Public transport (trams) across town was infrequent so the rioters had to pillage mostly by foot. Yet two-thirds of Kishinev had been affected by violence; entire streets were largely levelled. Late on the first night, Jewish merchants gathered their neighbours together and distributed iron bars and wooden clubs, to fight the next day if attacked by adults. Those with money fled to nearby hotels, or to board trains for Kiev, Odessa or Vienna.
Homes destroyed and furniture thrown into the courtyard
The next morning 150 Jews converged on Governor General Raaben’s offices. A small delegation could meet him and were assured that order would immediately be restored. Alas the Governor General was believed.
Distant Lower Kishinev, built on hills above Byk River, was dotted with tiny shops, synagogues and houses built around courtyards crammed with very large Jewish families and Moldovan Christian families. Neighbours had previously been friendly, or at least neutral. So it was more typical than elsewhere in Kishinev for Christian families to take dangerous risks to save their Jewish neighbours.
Nonetheless on Day 2, violence in Lower Kishinev was concentrated in inter-connecting alleyways, packed with flimsy structures that collapsed under attack. The mob engulfing Lower Kishinev included villagers from outside the city, driving wagons in to steal Jewish goods. In poor synagogues, holy Torah scrolls were desecrated. Jewish reports focused attention on Lower Kishinev’s poor; it was a catastrophe of the many poor, and not of the fewer rich.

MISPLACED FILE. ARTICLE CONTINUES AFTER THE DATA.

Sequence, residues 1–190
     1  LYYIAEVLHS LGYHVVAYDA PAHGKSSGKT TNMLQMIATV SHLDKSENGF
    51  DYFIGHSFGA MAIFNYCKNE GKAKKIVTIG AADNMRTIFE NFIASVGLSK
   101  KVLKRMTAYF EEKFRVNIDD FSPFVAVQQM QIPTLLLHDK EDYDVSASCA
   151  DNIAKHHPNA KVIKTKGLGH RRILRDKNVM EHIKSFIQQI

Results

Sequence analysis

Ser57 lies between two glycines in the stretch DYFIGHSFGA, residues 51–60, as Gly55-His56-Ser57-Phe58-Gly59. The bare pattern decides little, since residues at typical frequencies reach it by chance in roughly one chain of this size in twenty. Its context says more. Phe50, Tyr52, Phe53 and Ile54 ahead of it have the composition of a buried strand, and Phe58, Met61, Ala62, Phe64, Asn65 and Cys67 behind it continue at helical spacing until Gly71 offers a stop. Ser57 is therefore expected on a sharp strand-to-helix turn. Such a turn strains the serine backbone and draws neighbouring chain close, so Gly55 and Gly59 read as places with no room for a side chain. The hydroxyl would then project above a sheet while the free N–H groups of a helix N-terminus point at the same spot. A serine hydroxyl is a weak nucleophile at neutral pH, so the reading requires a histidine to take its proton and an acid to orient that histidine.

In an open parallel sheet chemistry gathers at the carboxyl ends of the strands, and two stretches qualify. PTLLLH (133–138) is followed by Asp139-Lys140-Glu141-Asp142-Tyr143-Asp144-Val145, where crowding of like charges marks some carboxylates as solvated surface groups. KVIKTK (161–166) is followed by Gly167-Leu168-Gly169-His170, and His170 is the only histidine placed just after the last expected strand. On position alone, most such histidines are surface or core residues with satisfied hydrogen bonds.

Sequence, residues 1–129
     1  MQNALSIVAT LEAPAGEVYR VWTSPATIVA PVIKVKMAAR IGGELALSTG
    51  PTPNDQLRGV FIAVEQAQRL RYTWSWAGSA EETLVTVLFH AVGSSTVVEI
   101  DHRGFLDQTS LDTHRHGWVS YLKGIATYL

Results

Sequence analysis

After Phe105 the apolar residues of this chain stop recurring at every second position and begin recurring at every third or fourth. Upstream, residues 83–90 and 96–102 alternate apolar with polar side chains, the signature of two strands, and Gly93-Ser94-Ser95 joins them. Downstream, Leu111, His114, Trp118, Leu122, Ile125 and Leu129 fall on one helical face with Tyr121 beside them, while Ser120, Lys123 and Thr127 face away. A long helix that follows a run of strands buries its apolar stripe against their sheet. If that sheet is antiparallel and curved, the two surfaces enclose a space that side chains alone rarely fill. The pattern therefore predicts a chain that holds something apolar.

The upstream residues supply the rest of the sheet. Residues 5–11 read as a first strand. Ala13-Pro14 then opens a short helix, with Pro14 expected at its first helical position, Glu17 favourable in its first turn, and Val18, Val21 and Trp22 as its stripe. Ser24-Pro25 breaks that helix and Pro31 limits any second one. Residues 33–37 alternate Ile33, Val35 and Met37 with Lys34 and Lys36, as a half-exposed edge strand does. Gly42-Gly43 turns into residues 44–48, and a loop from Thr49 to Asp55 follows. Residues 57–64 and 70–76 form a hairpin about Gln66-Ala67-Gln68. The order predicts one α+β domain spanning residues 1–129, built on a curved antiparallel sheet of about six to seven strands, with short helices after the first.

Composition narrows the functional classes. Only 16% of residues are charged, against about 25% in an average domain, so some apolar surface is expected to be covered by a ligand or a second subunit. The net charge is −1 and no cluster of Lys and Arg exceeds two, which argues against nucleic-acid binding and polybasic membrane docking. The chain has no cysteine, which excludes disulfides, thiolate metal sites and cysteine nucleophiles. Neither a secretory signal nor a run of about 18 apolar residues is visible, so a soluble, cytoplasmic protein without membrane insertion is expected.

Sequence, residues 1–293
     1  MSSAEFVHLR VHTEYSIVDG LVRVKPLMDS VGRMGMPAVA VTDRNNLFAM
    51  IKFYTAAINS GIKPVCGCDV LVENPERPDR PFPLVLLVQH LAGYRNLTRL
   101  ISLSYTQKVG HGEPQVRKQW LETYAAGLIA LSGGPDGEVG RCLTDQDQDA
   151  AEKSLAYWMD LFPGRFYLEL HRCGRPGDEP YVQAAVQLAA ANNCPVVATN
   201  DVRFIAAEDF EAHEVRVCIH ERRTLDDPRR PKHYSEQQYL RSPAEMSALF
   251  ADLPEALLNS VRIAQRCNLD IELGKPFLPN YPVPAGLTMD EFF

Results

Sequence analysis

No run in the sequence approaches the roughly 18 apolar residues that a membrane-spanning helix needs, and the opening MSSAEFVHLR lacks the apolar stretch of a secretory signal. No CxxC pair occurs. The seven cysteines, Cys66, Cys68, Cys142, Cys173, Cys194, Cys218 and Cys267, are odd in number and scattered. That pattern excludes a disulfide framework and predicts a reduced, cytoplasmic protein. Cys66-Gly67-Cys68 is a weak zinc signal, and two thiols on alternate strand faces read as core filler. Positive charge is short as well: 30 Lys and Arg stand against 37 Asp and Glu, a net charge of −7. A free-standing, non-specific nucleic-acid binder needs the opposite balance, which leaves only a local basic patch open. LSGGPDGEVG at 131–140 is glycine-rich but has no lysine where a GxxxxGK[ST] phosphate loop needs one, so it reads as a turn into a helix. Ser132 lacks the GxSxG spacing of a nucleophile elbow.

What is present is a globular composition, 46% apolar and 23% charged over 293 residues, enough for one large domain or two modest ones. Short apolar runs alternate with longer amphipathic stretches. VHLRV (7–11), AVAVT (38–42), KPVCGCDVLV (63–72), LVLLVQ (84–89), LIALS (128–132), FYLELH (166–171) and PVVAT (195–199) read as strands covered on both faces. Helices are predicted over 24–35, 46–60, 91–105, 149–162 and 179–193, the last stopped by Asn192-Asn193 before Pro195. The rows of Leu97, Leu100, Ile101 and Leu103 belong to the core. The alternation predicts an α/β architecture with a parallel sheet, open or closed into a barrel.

Corpses were tossed onto the street, and lay there for hours until cleared by the army. Yet by the end of the second day, only 900 rioters had been arrested. Even two months later, rough boards covered the broken windows, shattered doors and damaged roofs of many houses, and dried blood was everywhere.
City newspaper and journal articles soon downplayed the role played by seminary students. And Krushevan’s anti-Semitic newspaper was relegated to a minor role. The story was reduced to a “few hours of intense violence that erupted just hours before the pogrom was ended”.
The Second Kishinev Pogrom took place in mid October 1905. This time the riots began as political protests against the Tsar, but turned into an anti-Semitic attack when another 19 Jews were killed and dozens injured. Jewish self-defence leagues, organised after the first pogrom, stopped some of the violence, but not totally. And 600 further pogroms swept the Russian Empire after the October Manifesto of 1905.
With all those murders and rapes, only two Christian men were sentenced to 5-7 years and 22 were sentenced for 1-2 years. Hundreds of thousands of Russian Jews left for Palestine or The West.
Chaim Bialik was sent by Odessa’s Jewish Historical Commission to interview pogrom survivors and report. His famous poem was called "The City of Slaughter". In Ephraim Moses Lilien work “To the Martyrs of Kishinev”, the Jews’ martyrdom became a medieval-like tale, wrapped in a traditional prayer shawl. Israel Zangwill wrote the post-Kishinev play “The Melting Pot” in 1908.
Map of Novorossiya/New Russia, 1900
My family lived near Odessa, Simferopol (Crimea) and Berdiansk (B marked on Azov Sea)